- Diversity, Equity, & Inclusion
By Ryan Clark
CHS Communications Director
The goal? To get young area students moving.
The outcome? It could not be termed anything but a rousing success.
For a full academic year, the Active Women’s Health Initiative’s Movement Mentors group has been encouraging area youth to get up and become more active. A volunteer program housed within the College of Health Sciences, Movement Mentors brings students, staff and faculty together around a shared goal of improving physical and health among youth in the community.
Last week, the group was able to come together to recall the best times of the year.
“We have a pandemic — a pandemic of inactivity,” said Dee Dlugonski, PhD, an assistant professor for Athletic Training at the Sports Medicine Research Institute who oversees the Mentors.
It turns out those who volunteered had a pretty good time making sure this pandemic comes to an end. During the presentation, Dlugonski, along with Tasia Chapman, a Clinical Leadership and Management major, explained the highlights of a successful year.
Chapman said the group wanted to close the gap in physical activity participation between girls and boys, while encouraging all youth to be active. She then provided some snapshots of just what they were able to accomplish, including having:
Volunteer opportunities occurred across the entire 2021-2022 academic year in partnership with Lexington’s Lansdowne Elementary and Rise STEM Academy, two local elementary schools that have diverse student populations that are at-risk for poor health outcomes.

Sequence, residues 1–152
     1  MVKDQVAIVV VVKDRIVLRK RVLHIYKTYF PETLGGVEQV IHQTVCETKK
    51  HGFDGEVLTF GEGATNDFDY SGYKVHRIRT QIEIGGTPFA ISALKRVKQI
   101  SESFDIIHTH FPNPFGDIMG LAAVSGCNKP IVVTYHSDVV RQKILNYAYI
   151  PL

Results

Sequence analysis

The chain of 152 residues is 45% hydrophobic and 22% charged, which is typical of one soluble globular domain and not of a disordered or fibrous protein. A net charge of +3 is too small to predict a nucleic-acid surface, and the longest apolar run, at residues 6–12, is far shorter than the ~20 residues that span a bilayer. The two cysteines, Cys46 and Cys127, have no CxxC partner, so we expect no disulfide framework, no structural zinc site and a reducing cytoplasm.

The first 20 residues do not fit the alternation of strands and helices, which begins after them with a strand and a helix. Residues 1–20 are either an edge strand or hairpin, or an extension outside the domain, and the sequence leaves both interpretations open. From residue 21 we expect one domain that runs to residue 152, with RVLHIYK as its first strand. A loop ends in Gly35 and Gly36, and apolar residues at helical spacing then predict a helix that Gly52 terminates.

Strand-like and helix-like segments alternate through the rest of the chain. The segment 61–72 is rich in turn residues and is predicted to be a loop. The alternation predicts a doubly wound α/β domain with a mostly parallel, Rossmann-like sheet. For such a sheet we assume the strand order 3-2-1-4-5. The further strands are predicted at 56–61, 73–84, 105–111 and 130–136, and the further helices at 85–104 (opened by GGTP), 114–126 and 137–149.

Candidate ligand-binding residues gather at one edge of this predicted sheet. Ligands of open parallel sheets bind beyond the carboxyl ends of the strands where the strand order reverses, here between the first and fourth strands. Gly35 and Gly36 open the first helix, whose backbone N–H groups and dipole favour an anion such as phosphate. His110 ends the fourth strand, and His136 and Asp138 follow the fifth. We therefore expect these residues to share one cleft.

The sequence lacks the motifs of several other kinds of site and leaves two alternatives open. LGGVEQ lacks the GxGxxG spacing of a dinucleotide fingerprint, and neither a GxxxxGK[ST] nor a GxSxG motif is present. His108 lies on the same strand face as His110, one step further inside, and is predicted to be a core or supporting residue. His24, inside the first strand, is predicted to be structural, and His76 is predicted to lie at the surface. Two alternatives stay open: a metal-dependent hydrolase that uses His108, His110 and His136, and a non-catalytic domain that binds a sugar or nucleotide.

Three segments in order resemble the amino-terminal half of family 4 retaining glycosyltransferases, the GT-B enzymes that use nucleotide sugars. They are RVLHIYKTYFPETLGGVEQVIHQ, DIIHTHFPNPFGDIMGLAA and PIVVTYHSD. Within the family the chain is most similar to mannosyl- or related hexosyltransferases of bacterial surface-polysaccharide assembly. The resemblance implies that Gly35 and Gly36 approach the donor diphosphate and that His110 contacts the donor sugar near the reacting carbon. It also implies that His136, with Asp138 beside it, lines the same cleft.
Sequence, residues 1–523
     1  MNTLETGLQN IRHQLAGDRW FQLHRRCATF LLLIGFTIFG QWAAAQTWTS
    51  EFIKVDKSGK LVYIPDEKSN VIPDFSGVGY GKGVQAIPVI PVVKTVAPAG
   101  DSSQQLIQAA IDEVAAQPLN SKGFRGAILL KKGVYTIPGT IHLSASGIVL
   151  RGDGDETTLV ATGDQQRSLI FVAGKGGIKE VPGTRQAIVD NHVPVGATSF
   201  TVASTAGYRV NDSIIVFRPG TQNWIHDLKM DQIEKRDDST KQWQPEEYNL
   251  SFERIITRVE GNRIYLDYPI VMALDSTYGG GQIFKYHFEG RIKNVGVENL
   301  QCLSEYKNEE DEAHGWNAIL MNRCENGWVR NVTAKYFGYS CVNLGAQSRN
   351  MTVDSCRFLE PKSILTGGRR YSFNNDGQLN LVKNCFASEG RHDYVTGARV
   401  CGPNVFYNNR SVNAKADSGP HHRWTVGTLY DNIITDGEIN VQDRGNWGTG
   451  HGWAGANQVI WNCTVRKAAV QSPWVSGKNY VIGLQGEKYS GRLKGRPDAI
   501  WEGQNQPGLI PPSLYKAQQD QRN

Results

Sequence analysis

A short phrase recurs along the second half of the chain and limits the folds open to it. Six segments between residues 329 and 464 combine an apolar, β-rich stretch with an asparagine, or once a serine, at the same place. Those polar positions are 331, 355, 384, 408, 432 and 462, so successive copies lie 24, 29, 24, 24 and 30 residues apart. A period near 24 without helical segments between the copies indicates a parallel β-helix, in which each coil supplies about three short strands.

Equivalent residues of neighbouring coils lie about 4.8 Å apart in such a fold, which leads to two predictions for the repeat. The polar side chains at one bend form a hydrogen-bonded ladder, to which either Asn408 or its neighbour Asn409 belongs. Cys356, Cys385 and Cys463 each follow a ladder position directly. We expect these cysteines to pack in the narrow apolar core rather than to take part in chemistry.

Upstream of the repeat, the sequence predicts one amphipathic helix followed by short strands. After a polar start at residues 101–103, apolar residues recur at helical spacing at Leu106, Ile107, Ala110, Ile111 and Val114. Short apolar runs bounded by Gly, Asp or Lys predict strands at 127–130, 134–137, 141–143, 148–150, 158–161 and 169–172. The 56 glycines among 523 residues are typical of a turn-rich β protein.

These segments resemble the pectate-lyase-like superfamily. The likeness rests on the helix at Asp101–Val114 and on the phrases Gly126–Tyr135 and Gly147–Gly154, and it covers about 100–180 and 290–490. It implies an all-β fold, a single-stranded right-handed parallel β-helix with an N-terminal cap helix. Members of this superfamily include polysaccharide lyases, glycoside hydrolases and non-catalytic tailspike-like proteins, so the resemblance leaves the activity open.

And with support from a grant from the College of Health Sciences’ Diversity, Equity, and Inclusion Program, as well as a Move Together grant from the Women’s Sports Foundation and Athleta, the group was able to fund stipends for two student leaders, promote speakers on health disparities and provide supplies to facilitate health-based programming.
“We are so excited to bring together individuals from across the College of Health Sciences and the University to serve as Movement Mentors,” Dlugonski said. “We hope that these shared volunteer experiences will help mentors develop a stronger connection to each other, our College and the University.”
Chapman, who also serves as a resident advisor, as well as a graphic designer for UK’s Black Student Union and a member of Sigma Gamma Rho Sorority Inc., said she really enjoyed the experience.
“I was interested to see young people being so active,” she said. “It made me feel nostalgic, care-free, like when I was in elementary school.”
As Chapman explained, the group features both undergraduate and graduate mentors, from various colleges across the UK campus.
“I hadn’t stepped into an elementary school for a long while,” said Kelsey West, an undergraduate from the College of Public Health. “And this was a wake-up call to me to practice what I preached. I wanted to be that positive influence.”
Rachel Kleis, a graduate student in the Rehabilitation and Health Sciences PhD program, said that even just communicating to the children was empowering.
“I love the way we talk to young girls about physical activity, using words like ‘strong’ and ‘powerful,’” she said. “We can all be strong and powerful. I really liked that part.”
Tasia Chapman, Leader of Administration and Programming
Macy Nigh, Co-Leader
Active Women’s Health Initiative Leadership Team
Dr. Mary Lloyd Ireland
Dr. Hanna Hoch
Dr. Jean Fry
Dr. Nick Heebner
Dr. Sarah Kerscmar
Dr. Casey Shadix
Ms. Cheryl Vanderford, MPAS, PA-C
Supported by grants from the CHS Diversity, Equity and Inclusion Program, as well as the Women’s Sports Foundation and Athleta.